MIRA KAMDAR: I am standing at an angle just a few hundred yards from the Bataclan nightclub in the middle of the Boulevard Richard-Lenoir. The police have blocked access from directly in front of the club, of course. I am surrounded by, I would say, dozens, at least, of television cameras from media around the world. I’ve really never seen so many cameras in my life. There are flowers and messages pinned all around the periphery, the police periphery of the club, in all different languages. It brings back to me memories of 9/11, of course, when there were candles and flowers all over downtown Manhattan.

AMY GOODMAN: Mira Kamdar, can you describe the places that were struck? Take us through what happened on Friday night, what you feel was the significance of the targets that were hit.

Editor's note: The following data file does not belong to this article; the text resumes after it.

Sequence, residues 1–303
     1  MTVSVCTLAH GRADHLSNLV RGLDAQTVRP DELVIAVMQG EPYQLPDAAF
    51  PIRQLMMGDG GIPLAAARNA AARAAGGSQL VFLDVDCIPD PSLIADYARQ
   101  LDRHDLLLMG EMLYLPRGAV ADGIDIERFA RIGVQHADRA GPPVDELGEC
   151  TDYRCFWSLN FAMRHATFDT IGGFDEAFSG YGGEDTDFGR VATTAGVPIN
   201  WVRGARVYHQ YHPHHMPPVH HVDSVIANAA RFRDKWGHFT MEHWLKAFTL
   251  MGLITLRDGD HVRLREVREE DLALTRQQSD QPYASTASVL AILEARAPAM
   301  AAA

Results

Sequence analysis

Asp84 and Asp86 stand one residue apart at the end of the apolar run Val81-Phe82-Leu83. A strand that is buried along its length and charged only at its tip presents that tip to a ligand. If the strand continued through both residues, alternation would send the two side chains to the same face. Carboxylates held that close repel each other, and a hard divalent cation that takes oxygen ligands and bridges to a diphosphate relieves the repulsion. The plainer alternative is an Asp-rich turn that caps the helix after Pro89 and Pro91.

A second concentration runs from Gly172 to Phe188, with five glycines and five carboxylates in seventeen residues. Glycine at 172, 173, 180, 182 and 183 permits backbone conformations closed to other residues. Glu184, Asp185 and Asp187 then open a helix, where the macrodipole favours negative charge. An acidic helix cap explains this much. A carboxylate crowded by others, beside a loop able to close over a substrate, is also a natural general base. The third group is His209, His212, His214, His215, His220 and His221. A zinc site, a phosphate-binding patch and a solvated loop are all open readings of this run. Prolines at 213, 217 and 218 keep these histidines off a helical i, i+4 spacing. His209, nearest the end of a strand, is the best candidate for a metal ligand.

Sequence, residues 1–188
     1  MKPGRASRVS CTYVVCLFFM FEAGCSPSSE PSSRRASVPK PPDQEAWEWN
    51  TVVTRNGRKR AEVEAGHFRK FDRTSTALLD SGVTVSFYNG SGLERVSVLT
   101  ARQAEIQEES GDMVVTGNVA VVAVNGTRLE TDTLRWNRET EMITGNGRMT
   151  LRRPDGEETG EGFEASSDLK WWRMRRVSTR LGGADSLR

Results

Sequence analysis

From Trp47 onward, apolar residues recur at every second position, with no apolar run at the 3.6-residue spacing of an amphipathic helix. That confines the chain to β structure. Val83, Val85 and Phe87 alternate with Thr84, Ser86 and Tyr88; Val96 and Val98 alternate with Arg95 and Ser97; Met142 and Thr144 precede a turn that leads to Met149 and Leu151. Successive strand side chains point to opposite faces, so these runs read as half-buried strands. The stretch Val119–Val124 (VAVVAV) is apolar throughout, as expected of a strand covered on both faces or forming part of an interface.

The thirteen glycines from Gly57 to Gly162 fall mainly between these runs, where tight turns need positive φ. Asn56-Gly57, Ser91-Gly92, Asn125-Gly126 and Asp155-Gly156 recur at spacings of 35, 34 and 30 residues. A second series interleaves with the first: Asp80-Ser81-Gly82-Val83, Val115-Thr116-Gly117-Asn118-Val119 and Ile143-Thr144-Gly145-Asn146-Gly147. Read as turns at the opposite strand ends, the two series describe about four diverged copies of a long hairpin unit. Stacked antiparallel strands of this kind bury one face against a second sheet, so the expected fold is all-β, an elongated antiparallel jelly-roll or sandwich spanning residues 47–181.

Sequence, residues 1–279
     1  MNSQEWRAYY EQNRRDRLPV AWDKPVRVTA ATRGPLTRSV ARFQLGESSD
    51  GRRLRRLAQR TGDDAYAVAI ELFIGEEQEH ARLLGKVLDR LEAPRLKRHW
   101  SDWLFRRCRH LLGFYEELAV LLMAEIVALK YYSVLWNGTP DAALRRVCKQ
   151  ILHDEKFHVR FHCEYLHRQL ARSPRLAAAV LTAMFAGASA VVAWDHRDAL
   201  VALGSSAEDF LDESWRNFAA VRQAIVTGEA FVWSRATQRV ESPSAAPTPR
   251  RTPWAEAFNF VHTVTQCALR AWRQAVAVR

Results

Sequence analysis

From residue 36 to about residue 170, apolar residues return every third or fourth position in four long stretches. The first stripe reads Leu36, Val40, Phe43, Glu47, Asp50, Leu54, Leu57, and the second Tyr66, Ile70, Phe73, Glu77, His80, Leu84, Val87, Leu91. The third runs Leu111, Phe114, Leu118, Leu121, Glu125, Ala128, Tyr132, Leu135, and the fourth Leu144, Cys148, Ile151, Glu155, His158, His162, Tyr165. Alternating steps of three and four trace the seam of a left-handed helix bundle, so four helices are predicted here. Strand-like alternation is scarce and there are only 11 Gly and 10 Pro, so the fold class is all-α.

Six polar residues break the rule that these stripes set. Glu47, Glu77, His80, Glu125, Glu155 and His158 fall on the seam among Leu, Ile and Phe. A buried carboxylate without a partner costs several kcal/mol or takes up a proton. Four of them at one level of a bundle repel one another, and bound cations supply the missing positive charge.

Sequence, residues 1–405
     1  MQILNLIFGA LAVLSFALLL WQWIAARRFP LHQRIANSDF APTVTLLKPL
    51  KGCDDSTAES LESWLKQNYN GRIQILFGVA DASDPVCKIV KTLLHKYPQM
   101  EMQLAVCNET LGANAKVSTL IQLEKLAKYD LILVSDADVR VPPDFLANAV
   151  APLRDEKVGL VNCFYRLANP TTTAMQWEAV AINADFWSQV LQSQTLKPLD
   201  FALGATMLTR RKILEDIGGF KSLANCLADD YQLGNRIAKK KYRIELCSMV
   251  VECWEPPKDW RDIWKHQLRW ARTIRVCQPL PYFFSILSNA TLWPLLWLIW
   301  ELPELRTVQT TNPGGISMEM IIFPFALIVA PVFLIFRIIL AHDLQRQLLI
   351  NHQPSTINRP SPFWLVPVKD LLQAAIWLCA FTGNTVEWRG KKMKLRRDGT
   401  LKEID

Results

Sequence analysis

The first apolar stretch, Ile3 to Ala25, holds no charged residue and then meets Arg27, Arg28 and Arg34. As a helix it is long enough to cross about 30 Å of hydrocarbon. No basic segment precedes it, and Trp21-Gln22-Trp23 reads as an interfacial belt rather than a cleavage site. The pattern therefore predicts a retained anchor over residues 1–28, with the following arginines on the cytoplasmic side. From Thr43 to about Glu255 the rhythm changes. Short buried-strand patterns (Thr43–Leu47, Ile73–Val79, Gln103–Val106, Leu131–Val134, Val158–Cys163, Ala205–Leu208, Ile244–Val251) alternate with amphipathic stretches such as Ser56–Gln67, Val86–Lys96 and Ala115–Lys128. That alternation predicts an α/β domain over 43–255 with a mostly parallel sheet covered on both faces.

MIRA KAMDAR: All right. So, the targets were all in the sort of hippest part of Paris. Imagine the East Village of Paris, where there are lots of restaurants and nightclubs and cafés. And it’s a place where young people gather on the weekend. And these were most of the victims, were young people who were out having a drink, out having dinner—and, of course, the 89 and the many injured inside the Bataclan music concert hall. And the gunmen proceeded very methodically. They obviously knew the neighborhood, and it seems clear that they had planned their route, starting at a little family restaurant, Le Petit Cambodge, The Little Cambodia—which I know, where I’ve eaten—mowing people down, moving on from there to a café, Le Carillon. Then, you know, they split up. There was—I don’t know if initially, but at some point were split up into groups, the one heading for the Bataclan, and the other—others hitting an additional two restaurants.